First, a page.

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Why some millennials are more likely to start families before marriage

Michael Shulman
A new study says that rising income inequality is causing millennials to forgo tying the knot before having children. 

A new study says that rising income inequality is causing millennials to forgo tying the knot before having children.

The paper published in the American Sociological Review Thursday says that young people who live in areas of the U.S. where there is a shortage of well–paying employment, particularly for those who lack a college education, are choosing to have children outside of marriage, even though it is perceived to be the socially acceptable way to start a family. 

“Young adults these days won’t get married unless they’re convinced they’ll have a long-term, successful marriage and that requires a steady income,” the study’s author, Andrew Cherlin, told Yahoo Finance Canada. 

“What’s happening is that many of those people are … going ahead and having kids without marrying because they don’t see the prospect of a good marriage happening to them.”

2014 research by Pew had similar findings in that 78 per cent of women and 46 per cent of men said they want a spouse with a steady job.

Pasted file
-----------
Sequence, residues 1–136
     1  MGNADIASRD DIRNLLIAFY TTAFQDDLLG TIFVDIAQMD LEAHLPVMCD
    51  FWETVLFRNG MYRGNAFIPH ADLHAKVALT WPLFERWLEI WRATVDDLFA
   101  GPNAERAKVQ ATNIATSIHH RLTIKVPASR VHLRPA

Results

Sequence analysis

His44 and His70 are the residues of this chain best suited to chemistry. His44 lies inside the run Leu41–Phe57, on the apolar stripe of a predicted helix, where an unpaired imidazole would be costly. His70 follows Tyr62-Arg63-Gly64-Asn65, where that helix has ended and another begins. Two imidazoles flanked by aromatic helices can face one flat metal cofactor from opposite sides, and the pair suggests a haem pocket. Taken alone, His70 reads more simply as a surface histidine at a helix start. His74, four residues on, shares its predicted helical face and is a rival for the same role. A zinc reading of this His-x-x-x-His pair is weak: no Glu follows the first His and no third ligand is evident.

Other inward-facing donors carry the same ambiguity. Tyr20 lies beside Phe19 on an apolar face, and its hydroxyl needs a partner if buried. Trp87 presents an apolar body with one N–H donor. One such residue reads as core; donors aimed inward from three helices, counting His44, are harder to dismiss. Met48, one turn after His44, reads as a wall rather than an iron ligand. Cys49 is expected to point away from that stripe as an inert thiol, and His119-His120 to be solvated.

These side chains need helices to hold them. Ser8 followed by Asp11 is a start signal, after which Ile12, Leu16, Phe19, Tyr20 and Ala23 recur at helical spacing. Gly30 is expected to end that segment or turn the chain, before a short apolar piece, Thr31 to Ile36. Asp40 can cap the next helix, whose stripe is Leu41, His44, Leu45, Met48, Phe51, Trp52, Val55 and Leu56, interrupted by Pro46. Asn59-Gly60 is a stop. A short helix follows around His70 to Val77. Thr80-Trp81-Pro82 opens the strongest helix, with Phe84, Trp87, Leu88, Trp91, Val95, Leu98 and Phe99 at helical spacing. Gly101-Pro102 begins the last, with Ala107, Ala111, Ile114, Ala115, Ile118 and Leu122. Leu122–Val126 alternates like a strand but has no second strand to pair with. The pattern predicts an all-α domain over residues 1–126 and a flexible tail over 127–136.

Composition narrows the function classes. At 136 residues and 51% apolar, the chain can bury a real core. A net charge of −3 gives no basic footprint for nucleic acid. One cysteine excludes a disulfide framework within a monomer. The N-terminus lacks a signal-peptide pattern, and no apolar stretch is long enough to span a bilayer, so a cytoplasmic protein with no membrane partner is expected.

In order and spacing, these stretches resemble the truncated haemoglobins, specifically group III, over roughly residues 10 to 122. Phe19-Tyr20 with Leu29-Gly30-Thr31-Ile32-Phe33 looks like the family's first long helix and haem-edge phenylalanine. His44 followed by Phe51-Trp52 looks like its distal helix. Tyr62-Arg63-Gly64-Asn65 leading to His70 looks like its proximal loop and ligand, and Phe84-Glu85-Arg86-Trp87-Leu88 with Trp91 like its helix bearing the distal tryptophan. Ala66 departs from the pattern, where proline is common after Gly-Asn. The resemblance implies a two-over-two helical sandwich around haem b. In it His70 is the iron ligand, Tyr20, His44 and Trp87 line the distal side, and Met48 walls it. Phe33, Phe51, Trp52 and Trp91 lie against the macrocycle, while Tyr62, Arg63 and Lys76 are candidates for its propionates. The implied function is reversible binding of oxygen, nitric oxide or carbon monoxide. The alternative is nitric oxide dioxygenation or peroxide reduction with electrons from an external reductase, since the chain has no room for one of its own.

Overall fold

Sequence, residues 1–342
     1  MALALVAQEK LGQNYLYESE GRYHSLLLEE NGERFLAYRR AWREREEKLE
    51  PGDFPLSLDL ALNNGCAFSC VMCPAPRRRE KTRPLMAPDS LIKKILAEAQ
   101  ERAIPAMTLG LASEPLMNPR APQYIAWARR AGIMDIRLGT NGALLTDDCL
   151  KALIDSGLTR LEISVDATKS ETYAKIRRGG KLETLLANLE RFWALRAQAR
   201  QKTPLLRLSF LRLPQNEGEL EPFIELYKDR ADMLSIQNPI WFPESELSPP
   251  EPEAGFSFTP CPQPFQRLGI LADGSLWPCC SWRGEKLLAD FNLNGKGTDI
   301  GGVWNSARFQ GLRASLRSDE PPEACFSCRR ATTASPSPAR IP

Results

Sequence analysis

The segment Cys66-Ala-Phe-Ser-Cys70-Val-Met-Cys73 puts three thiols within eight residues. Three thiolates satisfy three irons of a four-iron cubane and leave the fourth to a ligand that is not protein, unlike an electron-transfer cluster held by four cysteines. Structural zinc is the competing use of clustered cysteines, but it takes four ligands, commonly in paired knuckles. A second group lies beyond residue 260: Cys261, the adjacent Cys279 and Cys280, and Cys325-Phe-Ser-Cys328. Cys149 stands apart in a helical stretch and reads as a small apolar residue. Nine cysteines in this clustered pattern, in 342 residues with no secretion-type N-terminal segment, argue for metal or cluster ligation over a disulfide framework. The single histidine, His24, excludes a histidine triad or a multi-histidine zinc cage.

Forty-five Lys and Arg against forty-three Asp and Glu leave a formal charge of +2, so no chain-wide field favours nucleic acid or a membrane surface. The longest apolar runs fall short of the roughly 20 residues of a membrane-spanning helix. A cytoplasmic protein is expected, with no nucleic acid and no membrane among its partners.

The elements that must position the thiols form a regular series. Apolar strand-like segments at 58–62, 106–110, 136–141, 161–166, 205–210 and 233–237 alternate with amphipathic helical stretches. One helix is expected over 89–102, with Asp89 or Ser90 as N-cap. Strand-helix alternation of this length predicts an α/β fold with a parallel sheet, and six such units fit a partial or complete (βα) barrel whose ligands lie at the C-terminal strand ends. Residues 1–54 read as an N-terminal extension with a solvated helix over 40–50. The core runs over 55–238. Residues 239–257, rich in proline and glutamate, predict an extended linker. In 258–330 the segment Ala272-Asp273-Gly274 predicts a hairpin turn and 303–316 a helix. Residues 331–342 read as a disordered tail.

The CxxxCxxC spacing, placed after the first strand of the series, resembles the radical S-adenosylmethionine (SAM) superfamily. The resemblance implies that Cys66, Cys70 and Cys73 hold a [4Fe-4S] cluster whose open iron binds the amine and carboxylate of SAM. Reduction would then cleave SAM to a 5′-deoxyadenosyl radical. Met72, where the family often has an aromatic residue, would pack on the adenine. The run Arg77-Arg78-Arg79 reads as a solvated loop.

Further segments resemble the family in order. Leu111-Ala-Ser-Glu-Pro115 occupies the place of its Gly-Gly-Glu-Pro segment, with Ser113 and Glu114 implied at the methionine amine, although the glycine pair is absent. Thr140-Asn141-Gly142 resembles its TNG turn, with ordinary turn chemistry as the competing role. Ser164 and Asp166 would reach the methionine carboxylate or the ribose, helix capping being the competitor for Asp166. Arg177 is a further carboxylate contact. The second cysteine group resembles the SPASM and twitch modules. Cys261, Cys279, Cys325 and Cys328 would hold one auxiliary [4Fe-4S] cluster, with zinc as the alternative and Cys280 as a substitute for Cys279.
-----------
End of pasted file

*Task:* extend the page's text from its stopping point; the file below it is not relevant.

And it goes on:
Never-Married Women Want a Spouse with a Steady Job

The latest study examined 9,000 young people, who were part of the 1997 U.S. National Longitudinal Survey of Youth, when they were 12 to 16 years old, until 2011 when they were reinterviewed at the age of 26 to 31.

By the end of the survey, the 53 per cent of the women and 41 per cent of the men reported having at least one child. Furthermore, 59 per cent of those births happened outside of wedlock, and most of them hadn’t graduated from college. 

The researchers then paired the data with income and employment information from the U.S. census. They found that men and women who lived in counties with high income inequality and fewer “middle-skilled jobs,” or employment that is accessible to high school graduates and pays above-poverty wages, were less likely to marry before having a child.

In fact, women had a 15 to 27 per cent lower chance of marrying before having a child in those areas.

While it might seem logical for people to hold off on having children because of the added expense, Cherlin said the growing acceptance of different types of family units is also likely responsible for the shift.

“50 years ago you wouldn’t have had a kid because it was not acceptable to have a (child) outside of marriage. Now, you might go ahead and have a child because it is not worth waiting a long time and risking never having one,” said Cherlin.

“To most young adults having children is an essential part of their lives … perhaps the most rewarding part of life, and they’re not willing to forgo having children. Marriage would be nice but it’s optional,” he added.